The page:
The NSA scandal, the hounding of Associated Press journalists, some of the WikiLeaks troves and the corruption at the IRS all reveal that the Obama administration was one of the least transparent presidencies in memory.

"Honoring our nation's veterans."

Obama's Department of Veteran Affairs was mired in scandal, and some of its nightmarish VA hospitals were awash in disease and unnecessary deaths. Secretary of Veterans Affairs Eric Shinseki was forced to resign amid controversy. Former Homeland Security Secretary Janet Napolitano apologized for issuing an offensive report falsely concluding that returning war vets were liable to join right-wing terrorist groups.

"Making sure our politics reflect America's best."

The 2016 presidential campaign was among the nastiest on record. WikiLeaks revealed unprecedented collusion between journalists and the Clinton campaign. Earlier, Obama had been the first president in U.S. history to refuse public campaign money. He was also the largest fundraiser of private cash and the greatest collector of Wall Street money in the history or presidential campaigns.

"Protecting voting rights."

Riots followed the recent presidential election. Democrats, without merit, joined failed Green Party candidate Jill Stein's recount in key swing states they lost. Progressives are berating the constitutionally guaranteed Electoral College. State electors are being subject to intimidation campaigns.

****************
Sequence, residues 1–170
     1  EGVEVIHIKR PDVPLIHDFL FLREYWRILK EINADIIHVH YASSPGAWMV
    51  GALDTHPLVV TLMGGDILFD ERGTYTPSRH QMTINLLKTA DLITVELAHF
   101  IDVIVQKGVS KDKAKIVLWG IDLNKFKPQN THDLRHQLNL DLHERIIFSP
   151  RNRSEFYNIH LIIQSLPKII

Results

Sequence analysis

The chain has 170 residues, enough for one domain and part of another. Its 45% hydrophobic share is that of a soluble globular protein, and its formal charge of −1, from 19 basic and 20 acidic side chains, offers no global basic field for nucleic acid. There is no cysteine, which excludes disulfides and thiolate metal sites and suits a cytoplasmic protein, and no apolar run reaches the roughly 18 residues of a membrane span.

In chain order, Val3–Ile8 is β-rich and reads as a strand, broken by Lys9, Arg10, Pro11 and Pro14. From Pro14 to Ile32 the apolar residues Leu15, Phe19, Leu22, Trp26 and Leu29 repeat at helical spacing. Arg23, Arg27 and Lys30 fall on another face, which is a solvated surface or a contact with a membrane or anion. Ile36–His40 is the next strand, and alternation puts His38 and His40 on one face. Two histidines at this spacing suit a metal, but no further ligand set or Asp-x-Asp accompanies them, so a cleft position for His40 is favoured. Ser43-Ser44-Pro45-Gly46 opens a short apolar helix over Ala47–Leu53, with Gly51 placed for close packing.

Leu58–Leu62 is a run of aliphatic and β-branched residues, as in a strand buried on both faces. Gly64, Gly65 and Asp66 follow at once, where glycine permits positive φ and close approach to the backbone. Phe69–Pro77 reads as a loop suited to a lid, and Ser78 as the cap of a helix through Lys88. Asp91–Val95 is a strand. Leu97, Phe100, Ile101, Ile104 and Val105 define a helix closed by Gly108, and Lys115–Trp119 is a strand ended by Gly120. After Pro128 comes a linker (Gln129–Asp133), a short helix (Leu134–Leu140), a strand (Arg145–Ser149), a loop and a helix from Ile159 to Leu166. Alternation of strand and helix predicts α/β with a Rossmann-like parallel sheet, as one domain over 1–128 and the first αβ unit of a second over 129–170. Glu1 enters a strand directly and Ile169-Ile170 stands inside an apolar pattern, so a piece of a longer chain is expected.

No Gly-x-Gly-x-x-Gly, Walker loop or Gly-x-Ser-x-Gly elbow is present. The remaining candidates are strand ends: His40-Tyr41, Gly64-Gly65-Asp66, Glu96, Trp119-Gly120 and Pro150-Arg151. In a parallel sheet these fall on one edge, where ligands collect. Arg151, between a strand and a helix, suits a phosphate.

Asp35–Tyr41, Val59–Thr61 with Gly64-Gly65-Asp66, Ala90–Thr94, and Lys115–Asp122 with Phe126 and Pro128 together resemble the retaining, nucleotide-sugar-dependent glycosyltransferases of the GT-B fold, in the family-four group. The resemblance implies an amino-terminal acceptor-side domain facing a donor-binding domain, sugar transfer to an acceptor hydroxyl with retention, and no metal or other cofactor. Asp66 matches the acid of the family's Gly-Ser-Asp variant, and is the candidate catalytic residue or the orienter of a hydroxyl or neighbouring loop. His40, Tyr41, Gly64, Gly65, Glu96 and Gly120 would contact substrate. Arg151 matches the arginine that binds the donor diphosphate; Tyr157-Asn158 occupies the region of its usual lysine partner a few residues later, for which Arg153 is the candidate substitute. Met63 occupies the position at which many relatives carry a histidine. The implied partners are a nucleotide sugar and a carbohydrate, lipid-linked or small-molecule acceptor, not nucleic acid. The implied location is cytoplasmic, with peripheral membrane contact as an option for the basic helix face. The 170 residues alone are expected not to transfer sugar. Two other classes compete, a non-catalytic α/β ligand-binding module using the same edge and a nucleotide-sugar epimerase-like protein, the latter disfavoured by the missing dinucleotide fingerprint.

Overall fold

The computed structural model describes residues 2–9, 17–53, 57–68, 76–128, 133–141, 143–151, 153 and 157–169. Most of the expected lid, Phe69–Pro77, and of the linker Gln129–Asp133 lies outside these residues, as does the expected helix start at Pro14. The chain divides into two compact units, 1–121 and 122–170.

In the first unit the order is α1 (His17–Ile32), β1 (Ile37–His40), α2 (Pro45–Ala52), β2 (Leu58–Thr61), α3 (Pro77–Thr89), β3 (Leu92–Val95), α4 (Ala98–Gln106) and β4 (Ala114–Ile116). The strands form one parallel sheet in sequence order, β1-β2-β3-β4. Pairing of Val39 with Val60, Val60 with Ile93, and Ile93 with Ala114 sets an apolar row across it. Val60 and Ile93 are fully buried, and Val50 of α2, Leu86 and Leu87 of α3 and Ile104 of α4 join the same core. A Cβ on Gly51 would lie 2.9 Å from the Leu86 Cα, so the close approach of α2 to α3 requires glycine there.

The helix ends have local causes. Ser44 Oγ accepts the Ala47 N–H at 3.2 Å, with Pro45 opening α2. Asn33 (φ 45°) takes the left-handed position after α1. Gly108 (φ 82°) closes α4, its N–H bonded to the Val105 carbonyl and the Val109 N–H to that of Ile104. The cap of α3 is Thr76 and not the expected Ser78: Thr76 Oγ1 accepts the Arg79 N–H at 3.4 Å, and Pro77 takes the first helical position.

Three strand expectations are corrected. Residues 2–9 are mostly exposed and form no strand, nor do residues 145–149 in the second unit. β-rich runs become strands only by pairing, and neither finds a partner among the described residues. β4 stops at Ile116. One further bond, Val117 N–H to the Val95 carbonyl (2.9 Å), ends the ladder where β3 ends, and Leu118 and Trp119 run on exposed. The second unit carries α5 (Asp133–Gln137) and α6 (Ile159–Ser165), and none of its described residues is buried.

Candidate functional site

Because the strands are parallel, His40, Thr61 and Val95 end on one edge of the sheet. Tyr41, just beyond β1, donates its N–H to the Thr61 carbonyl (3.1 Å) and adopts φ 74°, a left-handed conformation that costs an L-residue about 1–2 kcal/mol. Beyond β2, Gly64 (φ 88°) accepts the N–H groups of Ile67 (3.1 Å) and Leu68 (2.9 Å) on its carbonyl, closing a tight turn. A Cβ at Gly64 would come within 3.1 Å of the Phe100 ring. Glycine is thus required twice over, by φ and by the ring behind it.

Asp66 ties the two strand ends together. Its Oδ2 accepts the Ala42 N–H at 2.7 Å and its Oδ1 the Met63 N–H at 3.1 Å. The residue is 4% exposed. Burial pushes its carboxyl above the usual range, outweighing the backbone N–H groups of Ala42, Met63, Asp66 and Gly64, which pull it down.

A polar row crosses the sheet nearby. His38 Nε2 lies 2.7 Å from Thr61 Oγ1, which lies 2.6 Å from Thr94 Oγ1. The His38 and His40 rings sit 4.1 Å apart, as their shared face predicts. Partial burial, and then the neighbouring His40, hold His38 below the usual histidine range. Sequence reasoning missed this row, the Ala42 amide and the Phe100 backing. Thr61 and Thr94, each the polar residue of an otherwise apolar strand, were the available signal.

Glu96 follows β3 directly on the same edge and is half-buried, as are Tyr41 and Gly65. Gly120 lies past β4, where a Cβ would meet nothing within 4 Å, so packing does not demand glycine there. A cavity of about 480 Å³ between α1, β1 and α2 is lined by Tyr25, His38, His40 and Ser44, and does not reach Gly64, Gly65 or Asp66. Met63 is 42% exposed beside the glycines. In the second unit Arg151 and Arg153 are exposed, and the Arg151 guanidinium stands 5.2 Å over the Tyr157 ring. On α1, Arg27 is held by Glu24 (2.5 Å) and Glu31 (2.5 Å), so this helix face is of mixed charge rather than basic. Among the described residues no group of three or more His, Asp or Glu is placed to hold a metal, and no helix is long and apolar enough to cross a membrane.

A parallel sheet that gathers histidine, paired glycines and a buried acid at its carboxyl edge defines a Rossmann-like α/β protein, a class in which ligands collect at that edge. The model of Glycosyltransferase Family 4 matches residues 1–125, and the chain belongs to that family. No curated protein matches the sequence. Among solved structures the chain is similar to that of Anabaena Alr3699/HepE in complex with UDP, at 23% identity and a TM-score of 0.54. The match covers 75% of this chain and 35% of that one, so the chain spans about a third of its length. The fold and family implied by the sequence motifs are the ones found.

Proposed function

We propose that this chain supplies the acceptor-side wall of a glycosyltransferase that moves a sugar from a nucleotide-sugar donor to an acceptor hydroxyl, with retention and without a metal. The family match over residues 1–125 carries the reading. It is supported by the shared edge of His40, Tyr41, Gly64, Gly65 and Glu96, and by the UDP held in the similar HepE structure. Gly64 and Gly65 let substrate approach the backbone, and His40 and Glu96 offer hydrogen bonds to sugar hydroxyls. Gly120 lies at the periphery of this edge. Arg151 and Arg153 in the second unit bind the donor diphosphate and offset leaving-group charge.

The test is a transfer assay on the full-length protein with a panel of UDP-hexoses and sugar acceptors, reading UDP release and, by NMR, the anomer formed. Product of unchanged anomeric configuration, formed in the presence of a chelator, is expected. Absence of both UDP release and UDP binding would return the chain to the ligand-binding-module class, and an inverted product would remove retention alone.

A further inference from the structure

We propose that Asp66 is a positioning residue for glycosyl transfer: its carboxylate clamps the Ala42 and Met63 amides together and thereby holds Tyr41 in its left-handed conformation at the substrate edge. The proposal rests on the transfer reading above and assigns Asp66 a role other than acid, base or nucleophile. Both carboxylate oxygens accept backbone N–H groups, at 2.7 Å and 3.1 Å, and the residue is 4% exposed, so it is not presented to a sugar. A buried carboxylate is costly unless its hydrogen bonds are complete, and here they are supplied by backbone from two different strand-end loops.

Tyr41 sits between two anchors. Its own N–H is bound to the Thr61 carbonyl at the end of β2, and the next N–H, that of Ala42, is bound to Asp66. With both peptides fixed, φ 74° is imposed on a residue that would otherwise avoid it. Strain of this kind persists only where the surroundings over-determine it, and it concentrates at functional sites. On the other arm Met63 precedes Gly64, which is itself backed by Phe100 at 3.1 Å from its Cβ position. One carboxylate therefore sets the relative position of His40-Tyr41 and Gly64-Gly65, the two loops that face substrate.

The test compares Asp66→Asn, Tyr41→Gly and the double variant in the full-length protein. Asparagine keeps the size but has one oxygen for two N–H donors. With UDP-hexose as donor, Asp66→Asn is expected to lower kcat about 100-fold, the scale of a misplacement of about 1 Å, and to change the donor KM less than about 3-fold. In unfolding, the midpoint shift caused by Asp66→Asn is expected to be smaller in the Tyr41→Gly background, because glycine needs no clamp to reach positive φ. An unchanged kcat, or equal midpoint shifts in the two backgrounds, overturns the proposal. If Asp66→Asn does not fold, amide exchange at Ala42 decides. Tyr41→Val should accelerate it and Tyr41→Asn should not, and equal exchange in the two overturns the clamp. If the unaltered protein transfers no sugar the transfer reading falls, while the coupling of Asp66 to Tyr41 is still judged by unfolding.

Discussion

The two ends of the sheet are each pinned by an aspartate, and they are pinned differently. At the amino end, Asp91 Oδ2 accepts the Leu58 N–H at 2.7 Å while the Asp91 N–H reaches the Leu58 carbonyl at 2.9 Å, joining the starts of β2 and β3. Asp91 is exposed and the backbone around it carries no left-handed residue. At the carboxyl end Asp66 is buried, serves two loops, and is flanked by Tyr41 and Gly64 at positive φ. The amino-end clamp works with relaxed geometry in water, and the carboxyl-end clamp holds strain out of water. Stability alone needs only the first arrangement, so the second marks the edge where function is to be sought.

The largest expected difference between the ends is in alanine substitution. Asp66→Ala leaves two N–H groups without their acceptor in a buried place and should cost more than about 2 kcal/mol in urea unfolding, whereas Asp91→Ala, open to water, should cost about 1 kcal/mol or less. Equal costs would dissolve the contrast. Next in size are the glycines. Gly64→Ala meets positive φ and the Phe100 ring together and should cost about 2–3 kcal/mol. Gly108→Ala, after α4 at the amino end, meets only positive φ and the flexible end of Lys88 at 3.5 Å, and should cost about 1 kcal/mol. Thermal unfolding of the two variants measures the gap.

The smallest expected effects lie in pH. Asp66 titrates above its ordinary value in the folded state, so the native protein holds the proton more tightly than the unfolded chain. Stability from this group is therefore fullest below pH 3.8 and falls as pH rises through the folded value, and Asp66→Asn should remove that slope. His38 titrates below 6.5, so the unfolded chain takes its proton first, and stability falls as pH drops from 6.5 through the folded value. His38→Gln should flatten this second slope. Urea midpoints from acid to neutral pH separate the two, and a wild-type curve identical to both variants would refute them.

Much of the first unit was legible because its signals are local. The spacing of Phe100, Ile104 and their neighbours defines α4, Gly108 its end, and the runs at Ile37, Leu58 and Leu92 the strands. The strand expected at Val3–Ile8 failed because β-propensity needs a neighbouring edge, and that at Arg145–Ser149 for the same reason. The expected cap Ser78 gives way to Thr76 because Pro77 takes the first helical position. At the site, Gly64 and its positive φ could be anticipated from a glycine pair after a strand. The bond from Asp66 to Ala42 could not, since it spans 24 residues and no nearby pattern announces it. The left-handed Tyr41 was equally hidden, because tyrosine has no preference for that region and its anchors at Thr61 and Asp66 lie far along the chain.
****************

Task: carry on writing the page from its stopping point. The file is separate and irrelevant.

"Strengthening policing."

Lethal attacks on police are soaring.

"Promoting immigrant and refugee integration and citizenship awareness."

The southern U.S. border is largely unenforced. Immigration law is deliberately ignored. The president's refugee policy was unpopular and proved a disaster, as illustrated by the Boston Marathon bombings, the San Bernardino attack, the Orlando nightclub shooting and the recent Ohio State University terrorist violence.

Note what Obama's staff omitted: his doubling of the U.S. debt in eight years, the unworkable and soon-to-be-repealed Affordable Care Act, seven years of anemic economic growth, record labor nonparticipation, failed policy resets abroad, and a Middle East in ruins.

Why, then, has the president's previously sinking popularity suddenly rebounded in 2016?

Obama disappeared from our collective television screens, replaced by unpopular candidates Clinton and Trump, who slung mud at each other and stole the limelight.

As a result, Obama discovered that the abstract idea of a lame-duck Obama was more popular than the cold reality of eight-year President Obama.

He wisely adjusted by rarely being heard from or seen for much of 2016.

So Obama now departs amid the ruin of the Democratic Party into a lucrative post-presidency: detached and without a legacy. 

Victor Davis Hanson is a classicist and historian at the Hoover Institution, Stanford University. His latest book is The Savior Generals from BloomsburyBooks. You can reach him by e-mailing

Washington Examiner
Sunday Reflection: When Jimmy Carter Is your best-case scenario, you're in trouble

By Glenn Harlan Reynolds